Turkish companies were told to prepare for power cuts by state gas pipeline company Botas Thursday as a serious drop in the flow of Iranian gas began to bite. CNN-Turk reported that more than 50 companies gas supply had been cut off and the state-run Anatolia news agency quoted the general director of Istanbul's main gas distribution company as saying more could be expected.
"If the pressure falls, it's probable that we will go to some constraints at industrial facilities in Istanbul. But there is no problem in homes," Levent Tufekci said.
Istanbul is home to around 20 percent of Turkey's population of 71 million, and is the country's commercial center. Istanbul uses 550 million cubic meters of gas every month in winter, Tufekci said. He said he hoped to create a gas depot this summer that would hold enough to supply the city for 3.5 months.
Turkish Chamber of Commerce head M. Rifat Hisarcikcioglu called on the Turkish government to come up with an emergency solution to volatility in natural gas supplies from Russia and Iran.
"The wrongness of Turkey's policy of natural gas dependency has been debated for years," Hisarcikcioglu said. "But because the necessary precautions weren't taken in time, at the companies that produce with natural gas we are facing a serious production loss."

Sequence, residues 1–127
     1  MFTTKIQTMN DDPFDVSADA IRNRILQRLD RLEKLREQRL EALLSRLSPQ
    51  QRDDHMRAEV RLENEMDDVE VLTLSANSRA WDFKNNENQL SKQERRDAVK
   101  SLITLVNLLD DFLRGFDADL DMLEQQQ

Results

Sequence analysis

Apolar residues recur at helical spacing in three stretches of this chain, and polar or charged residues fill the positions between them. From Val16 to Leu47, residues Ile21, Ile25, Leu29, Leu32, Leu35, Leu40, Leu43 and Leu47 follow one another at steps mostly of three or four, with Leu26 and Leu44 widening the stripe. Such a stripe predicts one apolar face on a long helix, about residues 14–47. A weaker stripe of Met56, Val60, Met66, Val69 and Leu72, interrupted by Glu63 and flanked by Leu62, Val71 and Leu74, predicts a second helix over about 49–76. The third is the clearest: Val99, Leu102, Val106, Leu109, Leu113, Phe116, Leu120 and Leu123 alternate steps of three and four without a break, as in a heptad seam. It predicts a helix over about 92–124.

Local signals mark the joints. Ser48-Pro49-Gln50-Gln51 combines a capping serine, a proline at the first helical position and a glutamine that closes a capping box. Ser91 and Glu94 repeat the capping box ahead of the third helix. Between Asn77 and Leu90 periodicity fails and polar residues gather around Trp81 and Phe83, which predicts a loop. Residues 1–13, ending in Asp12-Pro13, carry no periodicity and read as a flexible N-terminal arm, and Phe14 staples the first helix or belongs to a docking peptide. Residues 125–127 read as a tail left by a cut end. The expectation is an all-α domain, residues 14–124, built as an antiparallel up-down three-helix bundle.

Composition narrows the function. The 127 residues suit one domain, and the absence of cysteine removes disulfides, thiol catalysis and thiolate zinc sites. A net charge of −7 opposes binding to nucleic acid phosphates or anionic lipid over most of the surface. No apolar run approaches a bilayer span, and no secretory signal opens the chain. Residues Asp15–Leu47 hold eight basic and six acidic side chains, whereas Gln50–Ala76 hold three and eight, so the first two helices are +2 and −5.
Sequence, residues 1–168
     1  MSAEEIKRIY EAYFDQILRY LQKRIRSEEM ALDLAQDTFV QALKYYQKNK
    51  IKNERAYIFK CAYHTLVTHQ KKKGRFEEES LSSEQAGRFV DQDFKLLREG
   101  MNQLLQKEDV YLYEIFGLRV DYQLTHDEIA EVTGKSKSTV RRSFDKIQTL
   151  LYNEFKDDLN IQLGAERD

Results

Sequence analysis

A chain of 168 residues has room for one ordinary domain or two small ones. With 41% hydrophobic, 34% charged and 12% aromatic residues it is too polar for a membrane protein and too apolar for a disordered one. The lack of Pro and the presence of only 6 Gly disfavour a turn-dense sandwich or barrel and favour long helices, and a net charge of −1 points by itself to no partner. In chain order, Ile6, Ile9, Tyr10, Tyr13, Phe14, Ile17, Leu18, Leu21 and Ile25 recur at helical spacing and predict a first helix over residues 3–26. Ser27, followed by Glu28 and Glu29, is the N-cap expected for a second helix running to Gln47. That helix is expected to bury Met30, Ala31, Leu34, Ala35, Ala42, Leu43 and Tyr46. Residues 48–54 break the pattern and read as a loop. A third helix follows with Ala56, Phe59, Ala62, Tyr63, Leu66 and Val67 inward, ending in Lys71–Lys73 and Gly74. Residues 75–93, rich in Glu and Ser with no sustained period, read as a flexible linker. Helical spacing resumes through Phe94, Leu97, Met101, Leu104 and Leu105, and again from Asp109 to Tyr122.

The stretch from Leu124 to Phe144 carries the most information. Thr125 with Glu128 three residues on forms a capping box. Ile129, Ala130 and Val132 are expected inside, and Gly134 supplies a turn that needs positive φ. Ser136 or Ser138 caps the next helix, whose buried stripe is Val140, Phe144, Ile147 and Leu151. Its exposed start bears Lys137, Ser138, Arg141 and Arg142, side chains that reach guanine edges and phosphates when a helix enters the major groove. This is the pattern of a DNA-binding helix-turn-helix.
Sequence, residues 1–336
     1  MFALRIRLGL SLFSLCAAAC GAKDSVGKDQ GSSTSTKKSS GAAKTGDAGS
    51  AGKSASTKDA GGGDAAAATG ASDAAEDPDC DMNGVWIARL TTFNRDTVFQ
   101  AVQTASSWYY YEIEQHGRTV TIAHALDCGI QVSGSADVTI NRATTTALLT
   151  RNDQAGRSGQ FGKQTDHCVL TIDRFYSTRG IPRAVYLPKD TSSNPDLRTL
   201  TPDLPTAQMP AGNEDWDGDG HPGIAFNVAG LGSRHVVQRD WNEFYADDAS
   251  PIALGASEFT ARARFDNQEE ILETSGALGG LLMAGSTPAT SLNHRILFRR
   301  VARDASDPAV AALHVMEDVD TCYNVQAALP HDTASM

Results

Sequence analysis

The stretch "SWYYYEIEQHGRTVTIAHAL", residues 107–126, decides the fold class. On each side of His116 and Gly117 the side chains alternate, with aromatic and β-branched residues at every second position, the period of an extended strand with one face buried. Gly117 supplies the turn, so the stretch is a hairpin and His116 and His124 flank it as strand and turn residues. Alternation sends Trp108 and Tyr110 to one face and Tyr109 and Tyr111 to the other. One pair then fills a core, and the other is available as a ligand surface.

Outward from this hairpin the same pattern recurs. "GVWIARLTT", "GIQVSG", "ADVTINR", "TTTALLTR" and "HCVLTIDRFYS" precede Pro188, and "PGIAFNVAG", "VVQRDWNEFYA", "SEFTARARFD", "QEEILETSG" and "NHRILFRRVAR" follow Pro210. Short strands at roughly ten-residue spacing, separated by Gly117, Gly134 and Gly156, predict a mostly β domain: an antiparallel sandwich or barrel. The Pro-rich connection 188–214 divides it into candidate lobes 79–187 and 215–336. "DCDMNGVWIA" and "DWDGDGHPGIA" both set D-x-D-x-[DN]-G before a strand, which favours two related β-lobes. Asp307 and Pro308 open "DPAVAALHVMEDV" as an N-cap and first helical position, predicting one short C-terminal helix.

Hisarcikcioglu said that the lack of alternative sources, of supply guarantees and natural gas depots were "dangerous signals both for today, and for the future."
Turkey receives almost all of its gas from abroad, with Russia and Iran providing the majority of its supply. Flow of natural gas from Iran dropped as much as 80 percent after a technical malfunction was reported last Friday. The Turkish Energy Ministry said then they expected the problem to be fixed in two of three days. But instead,
Turkey has begun to feel the squeeze six days later.
Botas cut off gas to three companies that produce electricity in the industrial city of Kayseri on Thursday, Anatolia reported. "The main cause of the cut is Iran," said the company's local director, Kemal Tortop.
Turkey's largest cardboard producer, Kartonsan, closed down and was planning to send its workers away on paid leave, the company's production director, Bulent Kaya, told Anatolia. "We're talking about a production loss of 450-500 tons because of the natural gas cut," Kaya said. "Because we can't run the factory, we're planning on giving 400 workers paid leave", reports the AP.